Author(s): Poutanen O, Mattila A, Seppl NH, Groth L, Koivisto AM,
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Abstract The objective of this article was to determine a 7-year naturalistic progression of depression as well as a number of potential prognostic factors among Finnish primary care and psychiatric care patients. Depression-screened patients from primary care and psychiatric care, aged 18-64, were interviewed in 1991-92 with the Present State Examination (PSE) as the diagnostic instrument. The patients were re-contacted in 1998-99, and their depression at final assessment (FinalA) and during the follow-up period (F-up) was assessed by telephone interview using the Composite International Diagnostic Interview--Short Form (CIDI-SF). 250 primary care (58.1\%) and 170 (40.2\%) psychiatric care patients were successfully followed. Of the primary care patients with severe depression at baseline, 42.4\% had had depression during F-up and 21.2\% had depression at FinalA. For the patients with mild depression at baseline, the corresponding figures were nearly the same, but for the patients with depressive symptoms clearly lower. Of the psychiatric care patients with severe depression at baseline, 61.0\% had had depression during F-up and 26.2\% had depression at FinalA. As with primary care patients, the corresponding figures were nearly the same for mild depression at baseline but clearly lower for depressive symptoms. Experienced lifetime mood elevation was associated with having depression during F-up in both primary care and psychiatric care patients. High Depression Scale (DEPS) score at baseline was associated with having depression at FinalA in primary care patients, but in psychiatric care patients, it was the high Hamilton Rating Scale for depression (HAM-D) and drinking problems. Severe depression and mild depression are predictive for subsequent depression at both levels of care. The long-term prognosis for depression is better in primary care. DEPS and HAM-D are useful, prognostic instruments.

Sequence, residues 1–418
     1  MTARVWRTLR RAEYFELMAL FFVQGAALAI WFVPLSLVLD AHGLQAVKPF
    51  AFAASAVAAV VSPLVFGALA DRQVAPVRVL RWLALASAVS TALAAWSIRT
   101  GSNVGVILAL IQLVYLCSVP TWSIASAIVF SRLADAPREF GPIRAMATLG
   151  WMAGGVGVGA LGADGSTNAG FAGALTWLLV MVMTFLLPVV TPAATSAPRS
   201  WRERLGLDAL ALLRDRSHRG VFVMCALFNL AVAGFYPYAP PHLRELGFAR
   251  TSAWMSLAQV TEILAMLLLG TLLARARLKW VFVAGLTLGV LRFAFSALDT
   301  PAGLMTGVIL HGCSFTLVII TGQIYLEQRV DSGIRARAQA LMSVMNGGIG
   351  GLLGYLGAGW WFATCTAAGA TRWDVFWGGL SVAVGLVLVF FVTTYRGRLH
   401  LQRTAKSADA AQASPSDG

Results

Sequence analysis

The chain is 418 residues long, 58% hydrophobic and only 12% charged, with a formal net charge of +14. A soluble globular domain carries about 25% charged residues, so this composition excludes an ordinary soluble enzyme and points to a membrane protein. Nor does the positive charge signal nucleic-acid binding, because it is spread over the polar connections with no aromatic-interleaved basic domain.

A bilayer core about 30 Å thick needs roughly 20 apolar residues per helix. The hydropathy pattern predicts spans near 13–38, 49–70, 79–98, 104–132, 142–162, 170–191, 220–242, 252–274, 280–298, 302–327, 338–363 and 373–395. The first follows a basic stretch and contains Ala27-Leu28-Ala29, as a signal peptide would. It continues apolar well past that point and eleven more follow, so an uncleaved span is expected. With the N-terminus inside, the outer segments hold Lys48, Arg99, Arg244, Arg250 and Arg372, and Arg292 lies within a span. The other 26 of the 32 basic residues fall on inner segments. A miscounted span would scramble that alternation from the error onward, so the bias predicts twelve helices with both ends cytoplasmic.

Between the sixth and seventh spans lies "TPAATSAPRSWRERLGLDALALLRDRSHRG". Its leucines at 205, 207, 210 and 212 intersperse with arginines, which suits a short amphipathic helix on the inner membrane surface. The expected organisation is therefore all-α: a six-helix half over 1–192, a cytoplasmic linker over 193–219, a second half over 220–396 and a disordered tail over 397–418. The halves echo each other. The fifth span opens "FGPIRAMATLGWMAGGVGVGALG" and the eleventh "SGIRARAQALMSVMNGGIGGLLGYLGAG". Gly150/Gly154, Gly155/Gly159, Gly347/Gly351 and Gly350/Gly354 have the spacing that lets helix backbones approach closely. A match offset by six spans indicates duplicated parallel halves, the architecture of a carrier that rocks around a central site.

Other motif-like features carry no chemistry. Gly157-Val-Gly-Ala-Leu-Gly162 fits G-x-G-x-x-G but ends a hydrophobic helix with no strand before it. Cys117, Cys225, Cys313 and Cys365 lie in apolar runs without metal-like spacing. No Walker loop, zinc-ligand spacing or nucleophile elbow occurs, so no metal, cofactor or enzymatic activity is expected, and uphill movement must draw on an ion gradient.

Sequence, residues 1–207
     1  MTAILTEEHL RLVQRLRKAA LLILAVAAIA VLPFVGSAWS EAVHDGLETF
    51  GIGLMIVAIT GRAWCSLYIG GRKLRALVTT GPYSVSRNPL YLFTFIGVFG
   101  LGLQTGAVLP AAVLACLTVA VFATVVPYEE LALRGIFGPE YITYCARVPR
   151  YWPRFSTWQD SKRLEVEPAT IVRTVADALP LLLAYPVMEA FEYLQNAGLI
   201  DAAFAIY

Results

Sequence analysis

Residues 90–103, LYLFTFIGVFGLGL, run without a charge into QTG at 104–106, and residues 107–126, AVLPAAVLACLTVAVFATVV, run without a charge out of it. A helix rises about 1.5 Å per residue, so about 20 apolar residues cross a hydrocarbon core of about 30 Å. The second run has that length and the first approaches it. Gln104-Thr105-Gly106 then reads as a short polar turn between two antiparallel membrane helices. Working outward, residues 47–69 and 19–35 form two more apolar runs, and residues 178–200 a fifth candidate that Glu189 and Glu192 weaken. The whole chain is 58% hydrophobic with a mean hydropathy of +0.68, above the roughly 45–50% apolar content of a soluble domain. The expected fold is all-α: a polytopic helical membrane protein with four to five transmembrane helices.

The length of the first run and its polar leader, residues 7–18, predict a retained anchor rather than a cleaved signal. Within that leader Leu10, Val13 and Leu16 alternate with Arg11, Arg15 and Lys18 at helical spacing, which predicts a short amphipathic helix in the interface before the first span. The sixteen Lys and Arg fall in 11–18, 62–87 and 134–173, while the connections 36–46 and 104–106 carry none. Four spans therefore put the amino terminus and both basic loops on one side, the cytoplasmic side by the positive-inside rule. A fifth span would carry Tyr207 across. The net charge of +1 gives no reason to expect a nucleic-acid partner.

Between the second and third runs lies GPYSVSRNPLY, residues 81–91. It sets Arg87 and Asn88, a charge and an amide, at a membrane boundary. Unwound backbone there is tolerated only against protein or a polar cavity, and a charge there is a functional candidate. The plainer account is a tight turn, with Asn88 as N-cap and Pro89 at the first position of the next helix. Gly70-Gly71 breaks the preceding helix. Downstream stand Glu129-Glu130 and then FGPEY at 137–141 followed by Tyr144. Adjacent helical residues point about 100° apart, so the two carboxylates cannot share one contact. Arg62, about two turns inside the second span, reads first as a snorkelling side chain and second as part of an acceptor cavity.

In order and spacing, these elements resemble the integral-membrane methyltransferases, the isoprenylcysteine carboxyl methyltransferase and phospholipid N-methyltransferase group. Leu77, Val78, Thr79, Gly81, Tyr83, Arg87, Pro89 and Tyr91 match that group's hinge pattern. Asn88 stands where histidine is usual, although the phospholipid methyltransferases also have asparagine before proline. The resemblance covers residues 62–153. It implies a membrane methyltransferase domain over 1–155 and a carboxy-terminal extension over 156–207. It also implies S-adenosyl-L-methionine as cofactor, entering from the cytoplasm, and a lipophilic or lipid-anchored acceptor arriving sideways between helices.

This article was published in Nord J Psychiatry
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